N. T. Wright – Paul: A Fresh Perspective (1)

This is the first of a series of posts which are based on N. T. Wright, Paul:  A Fresh Perspective (Fortress, 2005).  This little book has stimulated quite a bit of my thinking, these posts help me to sort it out a bit.

Wright starts out with many of the same observations made by Polhill.  Paul has a foot in three separate worlds, Jewish Greek and Roman.   In fact, one of the things Wright has done well throughout all of his writings is to place the New Testament writers into the worldview of the first century.  I will briefly define “worldview” here as the story a culture uses to answer the “big questions” of life.  Worldviews are expressed in terms of cultural symbols and practice.  For example, it is possible to describe the “American worldview” through the myth of the Old West as told in classic cowboy movies.  In fact, if American had to choose a god it might very well be John Wayne, the rugged individualist who rides into town, defends the orphans and widows, shoots up the bad guys and rides off into the sunset.  This is a story which is loosely based on reality which describes the way people in America think about their country.

N. T. Wright identifies five “big questions” in his description of the worldview of the Second Temple period (see NTPG chapter 5, JVG chapter 10).  All cultures have to answer these questions, but Wright is only concerned with the world of the first century – how might Paul answer these questions?

  • Who are we?
  • Why are we here?
  • What is wrong?
  • What is the solution?
  • What time is it?

In the first century, Paul would have answered these questions with a story something like this.  We are the people of God, put here in this world to worship God and enjoy the goodness of his creation.  But the world has become corrupted by sin and we are unable to fulfill that destiny.  The solution to the problem is to be found in the death and resurrection of Jesus.  The last question is therefore critical – where are we in God’s plan of redemption?  For Paul, a new age has begun with Jesus – a radically different new age has already dawned when Jesus rose from the dead (Fresh Perspective, 6, 9).

If we were to speculate how a first century Pharisee might answer the “key questions,” I am not sure that it would be that much different than Paul for the first three questions, and maybe even the last question (the new age is about to dawn with the coming of messiah.)  It is the solution which is so very different.  Paul sees Jesus as the central piece in God’s plan of redemption.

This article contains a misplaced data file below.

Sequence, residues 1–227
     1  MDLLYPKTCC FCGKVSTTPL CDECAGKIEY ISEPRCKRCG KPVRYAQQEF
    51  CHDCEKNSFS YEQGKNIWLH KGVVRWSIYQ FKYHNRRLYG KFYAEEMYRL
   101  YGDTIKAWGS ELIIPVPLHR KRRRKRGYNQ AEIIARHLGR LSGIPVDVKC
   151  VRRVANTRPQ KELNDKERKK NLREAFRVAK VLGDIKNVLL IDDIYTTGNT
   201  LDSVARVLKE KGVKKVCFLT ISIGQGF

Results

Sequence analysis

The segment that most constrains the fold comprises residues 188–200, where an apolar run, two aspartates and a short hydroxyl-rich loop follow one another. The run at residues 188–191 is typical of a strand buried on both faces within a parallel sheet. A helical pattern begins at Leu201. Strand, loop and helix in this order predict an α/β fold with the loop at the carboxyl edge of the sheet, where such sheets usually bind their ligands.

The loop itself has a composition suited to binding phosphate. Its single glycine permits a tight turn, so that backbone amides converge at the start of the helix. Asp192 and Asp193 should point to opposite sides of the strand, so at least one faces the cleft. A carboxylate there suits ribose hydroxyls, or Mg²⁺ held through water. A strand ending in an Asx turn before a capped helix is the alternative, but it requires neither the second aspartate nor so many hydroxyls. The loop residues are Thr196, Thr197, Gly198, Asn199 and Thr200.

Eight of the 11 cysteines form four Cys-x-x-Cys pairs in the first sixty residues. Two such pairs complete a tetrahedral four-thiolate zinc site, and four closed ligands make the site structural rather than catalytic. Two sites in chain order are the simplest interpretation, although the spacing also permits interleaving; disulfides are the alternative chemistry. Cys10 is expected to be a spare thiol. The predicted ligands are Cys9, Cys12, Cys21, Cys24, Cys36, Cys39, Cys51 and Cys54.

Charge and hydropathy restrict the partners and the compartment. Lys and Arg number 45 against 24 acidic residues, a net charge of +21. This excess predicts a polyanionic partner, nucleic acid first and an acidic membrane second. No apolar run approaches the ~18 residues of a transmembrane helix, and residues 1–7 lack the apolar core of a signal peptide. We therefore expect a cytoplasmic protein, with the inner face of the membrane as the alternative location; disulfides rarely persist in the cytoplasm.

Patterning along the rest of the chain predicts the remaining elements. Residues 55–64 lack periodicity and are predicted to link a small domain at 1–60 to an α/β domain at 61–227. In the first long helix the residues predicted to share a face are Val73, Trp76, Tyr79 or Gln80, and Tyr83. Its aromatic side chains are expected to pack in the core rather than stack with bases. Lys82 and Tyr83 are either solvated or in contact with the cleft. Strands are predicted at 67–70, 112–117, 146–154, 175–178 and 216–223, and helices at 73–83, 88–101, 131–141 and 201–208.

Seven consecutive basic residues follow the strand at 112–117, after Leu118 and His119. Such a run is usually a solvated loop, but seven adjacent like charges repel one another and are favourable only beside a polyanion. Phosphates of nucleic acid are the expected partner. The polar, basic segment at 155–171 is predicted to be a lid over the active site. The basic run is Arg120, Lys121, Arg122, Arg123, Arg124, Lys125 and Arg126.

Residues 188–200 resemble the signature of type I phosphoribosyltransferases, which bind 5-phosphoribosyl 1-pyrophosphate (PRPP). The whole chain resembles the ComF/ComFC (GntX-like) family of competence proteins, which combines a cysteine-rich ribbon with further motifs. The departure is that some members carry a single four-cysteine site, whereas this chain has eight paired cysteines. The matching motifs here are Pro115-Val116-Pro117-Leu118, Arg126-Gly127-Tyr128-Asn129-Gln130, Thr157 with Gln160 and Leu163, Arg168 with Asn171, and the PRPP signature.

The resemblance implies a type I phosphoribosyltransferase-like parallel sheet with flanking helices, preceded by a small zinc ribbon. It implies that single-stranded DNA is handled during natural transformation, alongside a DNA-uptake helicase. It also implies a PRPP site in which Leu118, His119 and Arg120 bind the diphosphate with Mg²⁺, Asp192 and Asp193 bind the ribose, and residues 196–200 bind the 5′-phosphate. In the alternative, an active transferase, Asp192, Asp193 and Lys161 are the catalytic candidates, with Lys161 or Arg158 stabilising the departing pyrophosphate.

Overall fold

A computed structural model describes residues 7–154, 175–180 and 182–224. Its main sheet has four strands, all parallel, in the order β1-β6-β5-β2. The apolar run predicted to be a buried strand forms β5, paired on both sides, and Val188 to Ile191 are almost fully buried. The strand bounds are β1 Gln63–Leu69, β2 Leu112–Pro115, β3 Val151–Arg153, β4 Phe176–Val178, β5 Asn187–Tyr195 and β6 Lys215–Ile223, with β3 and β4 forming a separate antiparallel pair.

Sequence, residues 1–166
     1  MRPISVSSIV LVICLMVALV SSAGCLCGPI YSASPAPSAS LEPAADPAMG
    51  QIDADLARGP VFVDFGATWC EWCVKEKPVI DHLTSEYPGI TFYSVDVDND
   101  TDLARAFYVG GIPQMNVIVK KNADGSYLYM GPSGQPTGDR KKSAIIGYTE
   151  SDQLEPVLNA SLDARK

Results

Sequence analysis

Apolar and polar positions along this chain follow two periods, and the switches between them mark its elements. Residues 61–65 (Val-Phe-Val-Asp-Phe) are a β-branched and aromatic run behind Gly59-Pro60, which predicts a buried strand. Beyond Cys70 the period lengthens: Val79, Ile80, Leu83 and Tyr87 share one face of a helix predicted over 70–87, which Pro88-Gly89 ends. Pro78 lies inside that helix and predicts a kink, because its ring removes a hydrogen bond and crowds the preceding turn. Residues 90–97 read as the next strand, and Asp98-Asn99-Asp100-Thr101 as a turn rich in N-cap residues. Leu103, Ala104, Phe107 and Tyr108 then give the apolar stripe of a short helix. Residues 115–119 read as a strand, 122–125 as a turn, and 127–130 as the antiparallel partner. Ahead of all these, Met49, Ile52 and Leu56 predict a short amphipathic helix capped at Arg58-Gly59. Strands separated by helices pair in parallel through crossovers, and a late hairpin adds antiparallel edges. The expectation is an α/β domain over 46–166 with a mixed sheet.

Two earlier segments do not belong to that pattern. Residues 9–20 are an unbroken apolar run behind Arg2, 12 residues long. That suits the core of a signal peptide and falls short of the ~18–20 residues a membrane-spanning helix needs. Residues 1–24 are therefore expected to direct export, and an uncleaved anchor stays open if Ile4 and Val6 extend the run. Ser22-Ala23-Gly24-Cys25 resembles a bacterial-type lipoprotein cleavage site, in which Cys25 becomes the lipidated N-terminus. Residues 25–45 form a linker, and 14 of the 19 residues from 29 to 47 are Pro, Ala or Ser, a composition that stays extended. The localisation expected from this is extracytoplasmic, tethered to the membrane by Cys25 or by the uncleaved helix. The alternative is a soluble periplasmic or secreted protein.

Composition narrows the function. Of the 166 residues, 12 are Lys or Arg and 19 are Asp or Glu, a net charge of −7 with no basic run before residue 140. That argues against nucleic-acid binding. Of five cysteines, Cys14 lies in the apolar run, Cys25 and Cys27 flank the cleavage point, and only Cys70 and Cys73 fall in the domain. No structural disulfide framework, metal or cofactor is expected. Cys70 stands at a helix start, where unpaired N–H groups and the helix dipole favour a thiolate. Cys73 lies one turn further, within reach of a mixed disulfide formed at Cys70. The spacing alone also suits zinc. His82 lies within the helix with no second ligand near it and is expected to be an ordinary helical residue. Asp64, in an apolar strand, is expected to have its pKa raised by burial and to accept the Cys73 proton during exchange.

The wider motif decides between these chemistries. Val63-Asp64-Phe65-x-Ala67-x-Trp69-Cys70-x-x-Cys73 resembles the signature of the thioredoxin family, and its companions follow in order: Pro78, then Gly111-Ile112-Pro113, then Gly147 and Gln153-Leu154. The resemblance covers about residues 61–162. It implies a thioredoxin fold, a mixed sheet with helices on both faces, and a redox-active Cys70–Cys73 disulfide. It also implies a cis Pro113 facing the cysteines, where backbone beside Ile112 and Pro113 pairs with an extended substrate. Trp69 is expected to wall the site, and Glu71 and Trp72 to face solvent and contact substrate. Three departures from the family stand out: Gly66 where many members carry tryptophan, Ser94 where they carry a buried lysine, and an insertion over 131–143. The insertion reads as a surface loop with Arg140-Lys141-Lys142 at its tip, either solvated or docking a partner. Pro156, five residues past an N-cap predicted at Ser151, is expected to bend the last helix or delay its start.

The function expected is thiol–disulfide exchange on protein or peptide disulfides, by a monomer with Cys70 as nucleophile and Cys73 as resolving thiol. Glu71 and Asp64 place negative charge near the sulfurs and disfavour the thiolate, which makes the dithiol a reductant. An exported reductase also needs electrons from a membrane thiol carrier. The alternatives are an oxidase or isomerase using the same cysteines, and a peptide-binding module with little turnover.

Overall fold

The resurrection of Jesus is a radically new idea within Judaism.  For the most part, no one was expecting the messiah to die, let alone rise from the dead.  As such, Wright sees the resurrection as one of the central clues for understanding Paul.  For Paul, God revealed himself through Jesus, but Jesus was not simply a teacher, but “Christ Crucified.”  While Paul remained a monotheist after his conversion, Wright says it was a “disturbingly redefined monotheism (6), with implications which sake the foundations of the worldview of the Second Temple period.

15 thoughts on “N. T. Wright – Paul: A Fresh Perspective (1)

  1. Gotta’ admit that I’m begging to enjoy Wright’s writings. His opinion of how we… well, I’ll just quote him…, “But if our own positions are thus to be relativised, it may be high time to enquire about some of the supposed ‘fixed points’ of scholarship which, growing as they did out of a very different era to our own may perhaps have been allowed to remain more by fashion than by solid argument” (Wright 18). This challenge to throw out the presuppositions and doctrines that have governed our own way of thinking and that we so often read into the text of the Bible has become a reoccurring theme in the two bits of writing that I’ve read from him and I find that I’m enjoying the challenge. Questioning the doctrines that have been fed to me since my earliest years and challenging them in light of what the Bible, not man, has to say is a truly sobering thrill. Hopefully, we can all rise to his challenge.

  2. It is obvious to anyone reading through the story of Paul that he clearly had his finger in three different worlds. Both Polhill and Wright make this point, but one thing that I think Wright does a better job is integrating and basically pointing out the fact that these were not necessarily three separate identities that Paul had. I don’t know about other people, but when I read Polhill, the impression was that Paul was a Jew when he was with the Jews, a Roman with the Romans, and a Gentile with the Gentiles. But Wright takes it one step further. He says that these three world views came together to create a whole new group that Paul was now a part of. “For Paul, to be ‘in the Messiah’, to belong to the Messiah’s body, meant embracing an identity rooted in Judaism, lied out in the Hellenistic world, and placing a counter-claim against Caesar’s aspiration to world domination…Paul would have insisted that there was something unique about this fourth world.” (6)